Sale of lots will start in a week. For 30 days there will be special introductory prices and terms. Those developing the tract state that prices of lots will be lower than the usual subdivision prices, but that restrictions will insure a residential district of high standard. The island’s position, they state, is such as to give its tenants a sense of isolation and quiet while it is less than five miles from State street. [Rockford Morning Star, 08-26-1928]
NEW BLACKHAWK ISLAND TRACT IS SOON OPEN
E.M. Revell and Sherman B. Letts Head Syndicate Which Will Convert Blackhawk Island Into Resort
The old Forty Ave island in Rock river, which contains 53 acres of wooded land, has been converted into a restricted subdivision by Blackhawk Island Development Co., and on Sept 2 sale of lots in the beautiful secluded island park will be opened. Sherman B. Letts and E.M. Revell, who comprise the realty firm of Letts & Revell, will have charge of the lot sale for the development company, in which they with Mort W. Miler and P.H. Moan hold principal holdings.
1,000 Feet Wide
Grandfathers of today remember Forty Acre island as the best walnut and hickory nut grove tract in Winnebago county. For fifty years it has been a favorite haunt to those familiar with Rock river below Rockford as a nutting grounds. It measures a mile a three-quarters in length and is 1,000 feet wide at its widest point, tapering down to a long neck of ground at he south where a 200 foot concrete bridge will be built across a sub-channel in the river to B.A. Kinght’s Camp Grant island, spanned by the government bridge.
150 Lots Are Ready
One hundred fifty of the 310 lot tracts being surveyed will be staked and chartered when the island sale opens. These will range in price from $350 and up. The parcel will be 50 by 125 to 175 feet in depth. Fifty foot driveways will extend along both east and west shoreline and avenues will cut east and west, their dead ends being converted into eight public bathing beaches. Between eight and ten acres of park property will be improved by the developing company, one park being located at the lower end, another in the center of the island, and the third on the north side, this being 800 by 200 feet in dimension [Rockford Republic, 08-27-1928]
MAY CHOOSE NEW ISLAND HOMESITES
Blackhawk Island Properties Visited by Big Crowd Despite the Cool Weather
Cool weather and rain did not prevent several hundred persons from inspecting Letts & Revell’s Blackhawk island subdivision Sunday and Monday and as a result a score of summer home sites were sold on opening days. The realty firm handling the river island property plans to invite the public to special picnic parties on Saturdays and Sundays throughout the month. [Rockford Republic, 09-05-1928]
RODEO PLANNED FOR BLACKHAWK ISLAND SUNDAY POSTPONED
Plans for a rodeo entertainment at Blackhawk island Sunday were postponed yesterday when the show organization announced it would be unable to appear so son due to a conflict in dates. The rodeo will be scheduled for a later date by officials in charge of the island. An entertainment will be held at the island next Sunday, however, with a host of features planed. The beach just completed will be open to the free use of visitors. [Rockford Morning Star, 08-01-1929]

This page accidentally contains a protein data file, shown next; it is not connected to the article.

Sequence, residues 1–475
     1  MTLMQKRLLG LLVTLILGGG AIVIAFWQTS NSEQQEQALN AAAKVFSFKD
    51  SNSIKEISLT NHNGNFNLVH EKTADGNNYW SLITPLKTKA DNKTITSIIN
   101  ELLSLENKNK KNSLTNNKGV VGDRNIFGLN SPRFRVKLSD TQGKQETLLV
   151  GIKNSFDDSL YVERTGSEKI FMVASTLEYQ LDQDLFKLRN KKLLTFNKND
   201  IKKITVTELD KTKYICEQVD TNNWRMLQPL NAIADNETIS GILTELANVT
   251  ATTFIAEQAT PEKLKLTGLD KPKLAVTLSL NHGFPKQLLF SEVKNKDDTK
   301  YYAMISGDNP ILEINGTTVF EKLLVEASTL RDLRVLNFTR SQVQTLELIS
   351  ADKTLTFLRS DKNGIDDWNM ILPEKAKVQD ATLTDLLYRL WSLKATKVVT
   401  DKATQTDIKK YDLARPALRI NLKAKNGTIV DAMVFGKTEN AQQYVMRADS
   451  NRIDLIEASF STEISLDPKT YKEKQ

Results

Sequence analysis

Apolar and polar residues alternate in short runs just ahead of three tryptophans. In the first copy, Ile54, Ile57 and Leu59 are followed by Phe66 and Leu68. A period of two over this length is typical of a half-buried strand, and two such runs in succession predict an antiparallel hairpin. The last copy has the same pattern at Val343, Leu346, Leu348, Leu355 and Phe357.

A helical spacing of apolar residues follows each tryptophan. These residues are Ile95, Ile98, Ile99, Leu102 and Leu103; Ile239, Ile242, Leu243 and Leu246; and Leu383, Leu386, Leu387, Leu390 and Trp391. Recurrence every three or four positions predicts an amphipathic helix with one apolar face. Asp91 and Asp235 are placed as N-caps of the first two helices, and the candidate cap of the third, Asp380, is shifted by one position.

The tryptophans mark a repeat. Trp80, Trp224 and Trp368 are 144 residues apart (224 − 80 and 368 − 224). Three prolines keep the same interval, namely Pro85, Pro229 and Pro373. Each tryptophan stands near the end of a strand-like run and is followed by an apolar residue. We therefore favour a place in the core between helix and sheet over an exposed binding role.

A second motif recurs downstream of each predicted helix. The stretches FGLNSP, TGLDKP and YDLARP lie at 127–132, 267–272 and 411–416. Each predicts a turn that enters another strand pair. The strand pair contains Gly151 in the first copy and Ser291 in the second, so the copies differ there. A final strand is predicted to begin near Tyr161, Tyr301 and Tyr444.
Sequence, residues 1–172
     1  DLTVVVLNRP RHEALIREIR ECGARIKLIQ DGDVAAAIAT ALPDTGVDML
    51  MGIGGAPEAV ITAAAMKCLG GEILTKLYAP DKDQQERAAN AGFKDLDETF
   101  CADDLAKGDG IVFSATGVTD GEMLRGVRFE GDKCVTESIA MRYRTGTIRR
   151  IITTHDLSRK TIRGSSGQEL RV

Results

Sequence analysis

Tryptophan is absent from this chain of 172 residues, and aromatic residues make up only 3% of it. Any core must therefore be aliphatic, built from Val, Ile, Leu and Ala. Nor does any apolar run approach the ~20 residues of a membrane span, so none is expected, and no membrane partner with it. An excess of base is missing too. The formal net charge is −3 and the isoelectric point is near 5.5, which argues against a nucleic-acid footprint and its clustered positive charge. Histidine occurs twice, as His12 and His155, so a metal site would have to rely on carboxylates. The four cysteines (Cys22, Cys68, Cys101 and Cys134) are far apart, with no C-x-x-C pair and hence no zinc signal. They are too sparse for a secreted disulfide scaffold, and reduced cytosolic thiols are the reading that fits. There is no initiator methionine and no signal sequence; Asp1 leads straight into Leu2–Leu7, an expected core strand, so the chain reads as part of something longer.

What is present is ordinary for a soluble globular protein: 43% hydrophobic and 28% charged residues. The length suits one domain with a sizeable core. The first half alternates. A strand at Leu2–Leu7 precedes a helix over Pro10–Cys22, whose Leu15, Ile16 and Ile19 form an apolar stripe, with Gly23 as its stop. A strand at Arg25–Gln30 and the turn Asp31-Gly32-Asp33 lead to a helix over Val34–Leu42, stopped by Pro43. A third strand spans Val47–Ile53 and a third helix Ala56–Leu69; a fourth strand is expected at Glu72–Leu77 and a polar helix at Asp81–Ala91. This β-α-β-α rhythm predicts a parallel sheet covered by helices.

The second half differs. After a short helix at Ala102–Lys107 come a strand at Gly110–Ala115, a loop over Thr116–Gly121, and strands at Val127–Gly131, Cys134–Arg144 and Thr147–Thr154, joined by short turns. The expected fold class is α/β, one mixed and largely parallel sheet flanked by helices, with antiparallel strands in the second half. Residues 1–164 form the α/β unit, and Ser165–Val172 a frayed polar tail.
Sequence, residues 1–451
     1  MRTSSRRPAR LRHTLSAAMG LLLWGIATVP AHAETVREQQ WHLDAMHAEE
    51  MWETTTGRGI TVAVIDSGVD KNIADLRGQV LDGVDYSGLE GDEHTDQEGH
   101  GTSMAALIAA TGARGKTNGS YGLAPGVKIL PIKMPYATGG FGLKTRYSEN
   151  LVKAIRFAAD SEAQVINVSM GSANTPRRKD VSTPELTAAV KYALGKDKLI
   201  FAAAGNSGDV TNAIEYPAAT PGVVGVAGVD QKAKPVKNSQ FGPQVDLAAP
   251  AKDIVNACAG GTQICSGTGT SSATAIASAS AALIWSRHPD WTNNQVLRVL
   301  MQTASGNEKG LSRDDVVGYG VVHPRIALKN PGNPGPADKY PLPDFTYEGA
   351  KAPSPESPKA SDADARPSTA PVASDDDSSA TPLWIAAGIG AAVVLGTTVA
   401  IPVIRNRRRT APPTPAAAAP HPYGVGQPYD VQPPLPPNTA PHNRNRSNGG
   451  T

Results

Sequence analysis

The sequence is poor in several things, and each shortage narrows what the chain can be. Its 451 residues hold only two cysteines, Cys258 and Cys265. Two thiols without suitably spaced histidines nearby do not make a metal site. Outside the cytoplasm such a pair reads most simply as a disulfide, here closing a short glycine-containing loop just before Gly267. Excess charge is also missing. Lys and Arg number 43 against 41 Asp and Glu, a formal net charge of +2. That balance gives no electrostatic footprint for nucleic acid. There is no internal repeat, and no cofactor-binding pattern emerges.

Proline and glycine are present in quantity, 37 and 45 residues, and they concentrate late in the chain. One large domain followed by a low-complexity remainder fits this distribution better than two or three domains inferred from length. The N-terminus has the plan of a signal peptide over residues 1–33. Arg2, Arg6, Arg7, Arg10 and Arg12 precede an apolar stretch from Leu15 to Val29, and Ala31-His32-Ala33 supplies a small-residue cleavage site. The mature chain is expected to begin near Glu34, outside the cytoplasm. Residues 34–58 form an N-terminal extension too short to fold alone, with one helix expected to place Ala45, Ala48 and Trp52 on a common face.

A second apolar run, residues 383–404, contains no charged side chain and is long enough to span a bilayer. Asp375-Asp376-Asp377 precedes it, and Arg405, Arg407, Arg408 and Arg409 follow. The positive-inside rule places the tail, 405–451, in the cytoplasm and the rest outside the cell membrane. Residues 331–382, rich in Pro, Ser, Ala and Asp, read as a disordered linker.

RIVER ISLES ARE CONNECTED; ONE FOR HOME-SITES
NEW BRIDGE RECENTLY COMPLETED OF OAK TAKEN FROM BANKS
Recent completion of abridge connecting government island No. 2 in Rock River, with Blackhawk trail, has opened up the island for development purposes by E.M. Revell, Chicago. Mr. Revell purchased the island property from Mort W. Miller early in the summer. Material for the new bridge was taken from a tract of land in the vicinity owned by B.A. Knight, Rockford attorney. The trees, after felling operations, were transported to the site of the bridge where a complete sawmill believed to be the only one in this section of the state cut and trimmed the logs to the desired size for bridge building.
A new highway has been built on the government island No. 3, east to the new two-way bridge connecting the island and Blackhawk trail. The island subdivision, Mr. Revell says, has more than four miles of full width streets and boulevards laid out. East Shore and West Shore drives form a winding boulevard around the entire island more than two miles long. Two large parks for every kind of sport activity are provided. Birds on the island number more than 30 varieties. Soil is rich black silt loam and the entire island in under laid with gravel, sandstone and limestone.
Development plans of Mr. Revell include laying out one of the parks in flowers and plant life, while the upper and large tract will be equipped with playground apparatus, junior baseball diamonds, and a nine-hole golf course. Many lots for homesites already have been sold to Rockford and out of town persons. [Rockford Morning Star, 07-07-1929]
Direct Mail Service For Blackhawk Island
Direct mail service today was provided Rockford’s only island community, Blackhawk island, located 2 miles south of Rockford in Rock river. Previously the fifty residents of the island has been given mail service at the mainland site of the connecting bridge. This forced the islanders to make a one mile trip to obtain their mail. The direct deliver of mail on the island was achieved through the efforts of Congressman John T. Buckbee and Mort Miler, the original owner and promoter of the community. [Rockford Republic, 07-01-1935]
Threaten Legal Action To Open Closed Bridge
Legal action was threatened yesterday by residents of Blackhawk island in Rock River when Harold C. Bentley, Rockford township highway commissioner, closed to Rock river islands at Camp Grand. Bentley said he was taking action to prevent a fatality there because "the bridge is unsafe and dangerous." He admitted he was not certain his office had supervision over the bridge, which was privately built, but because it link public roads on both islands he decided to barricade the bridge and wait for the courts to decide if his office has jurisdiction. The bridge may still be used for foot travel, Bentely said [Rockford Morning Star, 11-29-1938]
TOWNSHIP HAS NO FUNDS TO BUILD ISLAND BRIDGE